OGRe.net         Geological Museums and Displays


   There are a number of museums and science centres in Ontario with displays and programs devoted to the Earth Sciences.  Many have websites that you can visit. Here are a few of them.

The Royal Ontario Museum in Toronto has some of the best geological and paleontological displays (not to mention its extensive historical and biological displays) in Canada, and often has special temporary or visiting displays that change periodically. Well worth a special trip. You'll want to set aside an entire day to take it all in.

The Canadian Museum of Nature in Ottawa, Ontario has world class mineral and dinosaur displays, great displays on other Earth Science and related topics, as well as displays on all other aspects of nature and biology. A must-see facility and a jewel in our nation's capital.

The Miller Museum of Geology, Queen's University.   This museum at Queen's University in Kingston, Ontario has displays of rocks and minerals, and offers educational programs on a variety of hands-on programs for all grades.  For more information, check out their website,  phone the museum at (613) 533-6767, or e-mail the museum's curator, Mark Badham .

University of Waterloo Earth Sciences Museum .  This museum in Waterloo has extensive displays on ro cks, gems, minerals and fossils from all over the world.  Hands-on programs are offered on a wide variety of topics, including summer programs.  For more information, check out their website, phone the museum at (519) 888-4567 x. 2469, or e-mail the museum's curator, Peter Russell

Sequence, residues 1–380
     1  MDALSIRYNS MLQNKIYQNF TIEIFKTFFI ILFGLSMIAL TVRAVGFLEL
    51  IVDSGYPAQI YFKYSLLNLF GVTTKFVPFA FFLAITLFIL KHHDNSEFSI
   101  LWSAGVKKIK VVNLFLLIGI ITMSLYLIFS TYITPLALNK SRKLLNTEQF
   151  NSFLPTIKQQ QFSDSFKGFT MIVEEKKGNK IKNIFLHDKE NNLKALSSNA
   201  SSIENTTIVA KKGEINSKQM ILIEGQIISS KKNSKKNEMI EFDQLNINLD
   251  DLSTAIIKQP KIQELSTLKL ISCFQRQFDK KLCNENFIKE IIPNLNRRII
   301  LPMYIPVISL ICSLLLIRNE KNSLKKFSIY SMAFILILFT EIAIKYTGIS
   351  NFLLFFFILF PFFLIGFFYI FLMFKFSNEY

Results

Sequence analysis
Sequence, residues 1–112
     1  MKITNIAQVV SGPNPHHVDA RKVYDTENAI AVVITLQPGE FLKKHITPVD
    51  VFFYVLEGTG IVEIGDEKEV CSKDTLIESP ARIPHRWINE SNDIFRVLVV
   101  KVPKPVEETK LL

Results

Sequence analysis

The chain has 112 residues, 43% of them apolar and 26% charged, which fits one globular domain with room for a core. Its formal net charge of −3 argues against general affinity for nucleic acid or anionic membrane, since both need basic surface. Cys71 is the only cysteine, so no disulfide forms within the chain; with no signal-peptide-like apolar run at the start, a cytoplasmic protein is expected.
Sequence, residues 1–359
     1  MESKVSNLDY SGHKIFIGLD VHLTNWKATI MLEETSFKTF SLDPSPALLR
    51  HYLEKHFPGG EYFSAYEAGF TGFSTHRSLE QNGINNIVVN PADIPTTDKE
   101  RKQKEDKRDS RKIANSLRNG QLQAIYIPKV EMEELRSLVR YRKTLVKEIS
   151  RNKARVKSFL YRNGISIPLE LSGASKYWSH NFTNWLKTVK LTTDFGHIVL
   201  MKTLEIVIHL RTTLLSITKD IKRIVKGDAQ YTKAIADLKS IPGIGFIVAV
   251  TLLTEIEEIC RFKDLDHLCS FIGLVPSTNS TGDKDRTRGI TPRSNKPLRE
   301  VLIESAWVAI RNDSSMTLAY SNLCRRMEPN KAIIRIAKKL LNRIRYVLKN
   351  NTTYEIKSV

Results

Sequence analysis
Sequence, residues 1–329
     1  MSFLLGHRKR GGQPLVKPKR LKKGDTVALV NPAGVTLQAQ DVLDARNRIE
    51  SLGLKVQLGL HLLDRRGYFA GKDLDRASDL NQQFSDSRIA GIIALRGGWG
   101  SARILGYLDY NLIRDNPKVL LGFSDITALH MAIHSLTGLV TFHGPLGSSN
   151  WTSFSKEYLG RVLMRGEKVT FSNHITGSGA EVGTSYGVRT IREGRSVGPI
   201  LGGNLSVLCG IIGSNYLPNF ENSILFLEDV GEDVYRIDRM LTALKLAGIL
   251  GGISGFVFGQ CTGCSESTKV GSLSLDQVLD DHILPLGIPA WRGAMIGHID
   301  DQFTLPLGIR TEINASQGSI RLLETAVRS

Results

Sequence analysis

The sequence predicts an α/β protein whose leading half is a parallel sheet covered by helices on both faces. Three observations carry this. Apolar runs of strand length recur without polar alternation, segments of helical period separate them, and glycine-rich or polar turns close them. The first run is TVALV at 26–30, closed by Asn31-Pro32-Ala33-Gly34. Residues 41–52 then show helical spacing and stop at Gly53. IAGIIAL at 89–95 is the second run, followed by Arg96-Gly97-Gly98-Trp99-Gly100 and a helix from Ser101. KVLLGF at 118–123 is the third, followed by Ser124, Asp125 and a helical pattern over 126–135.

The Stones and Bones Museum in Sarnia, Ontario is an intriguing collection of rocks, minerals, fossils, biological specimens, and historical artifacts assembled and maintained by private individuals.

The London Children's Museum in London, Ontario has many fun activities and displays for kids, some of which relate to geology, dinosaurs, and other Earth Science related topics.

The Petrolia Discovery Oil Museum in Petrolia, Ontario preserves the site of Canada's first oil well, drilled in the 1860's, and preserves the equipment of the time. See how it was all done 140 years ago.

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